I'm still confused as to whether the angular acceleration or net torque would be equal to 0. In order to find the angular acceleration, I need to find the net torque and vice versa, but I don't know how to find either at the lowest point.
 
  • #4
As soon as the disk is released, the forces at the pivot generate no torque about the pivot. The only torque is generated by gravity. To find this torque, you need to find where it is applied with respect to the pivot. Can you tell where the external force of gravity acts on the disk?
 
  • #5
Well, the torque from the external force of gravity would act on the center of mass of the disk, which is distance R from the pivot. That would give me to net torque on the object which would allow me to find the angular acceleration, and then the tangential acceleration. But I still don't see how that will help me find the reaction force or the radial acceleration.
 
  • #6
Read posting #2. You have three equations and three unknowns, the acceleration and the two reaction forces. The radial acceleration is zero instantaneously as soon as the disk is released but the tangential acceleration is not. You can find the tangential acceleration from the angular acceleration. Once you know that, you can find the vertical reaction force. The horizontal force is (instantaneously) zero as soon as the disk is released.

You are on the right track for part (b) except that the moment of inertia of a disk about its CM is not (1/3)MR2.
 
  • #7
Thanks, I understand it now.
 

Related to Reaction force on disk by pivot

1. What is the definition of reaction force on a disk by pivot?

The reaction force on a disk by pivot is the force exerted by the pivot on the disk in response to the force applied by the disk on the pivot. It is equal in magnitude and opposite in direction to the force applied by the disk and is responsible for keeping the disk in rotational equilibrium.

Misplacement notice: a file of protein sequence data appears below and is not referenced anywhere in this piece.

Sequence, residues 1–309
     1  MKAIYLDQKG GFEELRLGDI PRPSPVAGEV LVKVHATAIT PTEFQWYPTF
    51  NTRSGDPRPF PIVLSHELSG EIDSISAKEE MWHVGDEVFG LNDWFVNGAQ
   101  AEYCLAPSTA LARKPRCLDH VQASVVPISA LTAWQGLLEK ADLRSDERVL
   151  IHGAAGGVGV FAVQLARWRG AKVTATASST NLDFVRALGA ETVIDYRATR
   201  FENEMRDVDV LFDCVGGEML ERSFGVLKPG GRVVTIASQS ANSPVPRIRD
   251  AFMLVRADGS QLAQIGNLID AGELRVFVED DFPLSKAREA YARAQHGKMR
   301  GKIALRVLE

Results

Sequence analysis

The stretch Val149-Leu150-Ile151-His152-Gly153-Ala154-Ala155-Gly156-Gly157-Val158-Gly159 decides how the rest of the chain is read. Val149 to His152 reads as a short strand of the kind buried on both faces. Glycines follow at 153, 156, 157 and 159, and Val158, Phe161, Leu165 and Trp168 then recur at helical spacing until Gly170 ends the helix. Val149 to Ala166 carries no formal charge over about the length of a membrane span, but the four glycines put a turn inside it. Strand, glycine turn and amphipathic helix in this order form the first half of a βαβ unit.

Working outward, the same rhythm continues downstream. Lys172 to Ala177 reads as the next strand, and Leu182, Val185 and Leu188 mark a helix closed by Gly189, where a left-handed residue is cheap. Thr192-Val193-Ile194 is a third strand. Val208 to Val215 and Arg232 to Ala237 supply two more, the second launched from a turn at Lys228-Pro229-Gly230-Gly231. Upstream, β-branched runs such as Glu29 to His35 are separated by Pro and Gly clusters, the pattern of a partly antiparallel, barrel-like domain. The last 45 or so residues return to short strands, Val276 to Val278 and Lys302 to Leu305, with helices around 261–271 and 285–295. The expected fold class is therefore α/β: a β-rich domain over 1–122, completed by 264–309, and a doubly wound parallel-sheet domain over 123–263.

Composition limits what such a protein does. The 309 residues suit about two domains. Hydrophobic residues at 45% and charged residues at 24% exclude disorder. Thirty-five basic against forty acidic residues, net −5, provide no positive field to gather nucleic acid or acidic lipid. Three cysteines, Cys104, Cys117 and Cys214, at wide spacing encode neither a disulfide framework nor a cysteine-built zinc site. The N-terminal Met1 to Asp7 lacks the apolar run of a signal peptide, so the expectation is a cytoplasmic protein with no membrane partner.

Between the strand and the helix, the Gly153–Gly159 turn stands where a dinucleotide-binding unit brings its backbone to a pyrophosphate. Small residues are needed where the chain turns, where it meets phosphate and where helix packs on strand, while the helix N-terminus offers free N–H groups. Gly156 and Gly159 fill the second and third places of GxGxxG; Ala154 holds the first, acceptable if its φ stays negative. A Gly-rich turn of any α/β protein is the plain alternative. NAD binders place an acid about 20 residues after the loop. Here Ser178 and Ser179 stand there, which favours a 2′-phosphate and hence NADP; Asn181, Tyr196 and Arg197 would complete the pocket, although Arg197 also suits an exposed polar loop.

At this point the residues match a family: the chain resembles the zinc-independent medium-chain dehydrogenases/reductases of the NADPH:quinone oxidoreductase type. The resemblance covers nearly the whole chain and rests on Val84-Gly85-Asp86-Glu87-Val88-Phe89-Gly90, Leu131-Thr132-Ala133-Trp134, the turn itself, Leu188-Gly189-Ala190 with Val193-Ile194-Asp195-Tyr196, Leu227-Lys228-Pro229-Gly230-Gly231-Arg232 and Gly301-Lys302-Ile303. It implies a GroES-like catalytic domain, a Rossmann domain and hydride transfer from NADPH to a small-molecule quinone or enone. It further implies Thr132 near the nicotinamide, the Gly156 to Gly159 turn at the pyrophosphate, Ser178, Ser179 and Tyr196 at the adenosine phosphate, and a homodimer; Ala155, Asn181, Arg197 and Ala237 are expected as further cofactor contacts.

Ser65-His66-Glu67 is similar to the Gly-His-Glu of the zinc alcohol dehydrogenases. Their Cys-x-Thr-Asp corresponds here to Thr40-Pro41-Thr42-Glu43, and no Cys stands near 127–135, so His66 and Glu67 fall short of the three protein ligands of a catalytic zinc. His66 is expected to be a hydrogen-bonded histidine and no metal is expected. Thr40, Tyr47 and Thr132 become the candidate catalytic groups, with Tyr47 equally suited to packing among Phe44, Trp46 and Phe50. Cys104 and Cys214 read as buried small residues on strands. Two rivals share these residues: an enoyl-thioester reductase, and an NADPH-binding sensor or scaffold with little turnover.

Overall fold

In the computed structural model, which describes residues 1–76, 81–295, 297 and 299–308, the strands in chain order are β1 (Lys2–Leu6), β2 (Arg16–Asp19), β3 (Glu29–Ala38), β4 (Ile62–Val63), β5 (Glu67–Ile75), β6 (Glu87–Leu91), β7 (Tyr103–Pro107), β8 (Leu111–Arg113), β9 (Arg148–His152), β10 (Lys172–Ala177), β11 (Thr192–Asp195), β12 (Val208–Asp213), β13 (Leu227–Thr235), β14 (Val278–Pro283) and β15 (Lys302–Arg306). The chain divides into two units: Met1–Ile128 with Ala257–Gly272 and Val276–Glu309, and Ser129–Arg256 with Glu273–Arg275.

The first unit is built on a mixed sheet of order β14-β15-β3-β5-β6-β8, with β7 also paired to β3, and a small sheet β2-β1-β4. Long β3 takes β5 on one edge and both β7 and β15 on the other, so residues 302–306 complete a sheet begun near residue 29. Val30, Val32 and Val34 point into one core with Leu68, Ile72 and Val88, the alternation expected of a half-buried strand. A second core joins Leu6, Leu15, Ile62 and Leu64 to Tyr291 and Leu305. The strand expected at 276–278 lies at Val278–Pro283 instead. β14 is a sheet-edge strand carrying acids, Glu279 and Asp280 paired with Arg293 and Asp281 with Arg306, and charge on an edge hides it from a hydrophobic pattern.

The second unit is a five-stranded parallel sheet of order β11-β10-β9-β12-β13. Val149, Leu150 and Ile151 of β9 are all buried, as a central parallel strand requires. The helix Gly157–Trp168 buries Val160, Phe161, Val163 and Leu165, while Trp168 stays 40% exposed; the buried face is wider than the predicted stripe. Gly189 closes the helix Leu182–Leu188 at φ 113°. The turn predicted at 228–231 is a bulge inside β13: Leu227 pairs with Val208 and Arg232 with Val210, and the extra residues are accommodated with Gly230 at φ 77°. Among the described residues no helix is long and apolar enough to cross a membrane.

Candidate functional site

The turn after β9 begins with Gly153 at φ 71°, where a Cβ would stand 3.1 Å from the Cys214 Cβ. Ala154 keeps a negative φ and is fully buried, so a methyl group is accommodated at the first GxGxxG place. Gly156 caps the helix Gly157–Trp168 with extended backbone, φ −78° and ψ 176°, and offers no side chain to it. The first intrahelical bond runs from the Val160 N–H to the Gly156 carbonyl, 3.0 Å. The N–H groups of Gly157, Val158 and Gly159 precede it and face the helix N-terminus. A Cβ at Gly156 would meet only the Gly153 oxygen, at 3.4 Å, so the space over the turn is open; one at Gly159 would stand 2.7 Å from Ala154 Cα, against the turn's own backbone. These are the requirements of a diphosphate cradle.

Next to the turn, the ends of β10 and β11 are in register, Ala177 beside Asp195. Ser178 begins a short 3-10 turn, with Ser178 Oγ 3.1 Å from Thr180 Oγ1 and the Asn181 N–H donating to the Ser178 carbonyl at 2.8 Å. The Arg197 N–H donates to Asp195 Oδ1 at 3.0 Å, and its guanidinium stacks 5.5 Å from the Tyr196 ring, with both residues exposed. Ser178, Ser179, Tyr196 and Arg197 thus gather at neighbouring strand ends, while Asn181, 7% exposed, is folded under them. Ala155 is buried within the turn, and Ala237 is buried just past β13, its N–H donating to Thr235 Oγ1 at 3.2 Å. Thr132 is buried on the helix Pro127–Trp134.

2. How is the reaction force on a disk by pivot calculated?

The reaction force on a disk by pivot can be calculated using the principle of moments, which states that the sum of all the clockwise moments is equal to the sum of all the anticlockwise moments. In this case, the moment due to the applied force is equal to the moment due to the reaction force, allowing us to calculate the magnitude of the reaction force.

3. What factors affect the reaction force on a disk by pivot?

The reaction force on a disk by pivot is affected by several factors, including the magnitude and direction of the applied force, the distance between the force and the pivot, and the weight and position of the disk. Additionally, the friction between the pivot and the disk can also affect the reaction force.

4. Why is the reaction force on a disk by pivot important in rotational equilibrium?

The reaction force on a disk by pivot is essential in maintaining rotational equilibrium because without it, the disk would either accelerate or decelerate in its rotation. This force ensures that the net torque acting on the disk is equal to zero, allowing it to remain in a state of static equilibrium.

5. Are there any real-life applications of the reaction force on a disk by pivot?

Yes, there are many real-life applications of the reaction force on a disk by pivot. One example is the use of a pivot in a seesaw or balance scale. The reaction force on the pivot helps to keep the seesaw or scale in balance, allowing for accurate measurements. Another application is in the steering mechanism of a car, where the reaction force on the pivot helps to turn the wheels and maintain the car's direction of motion.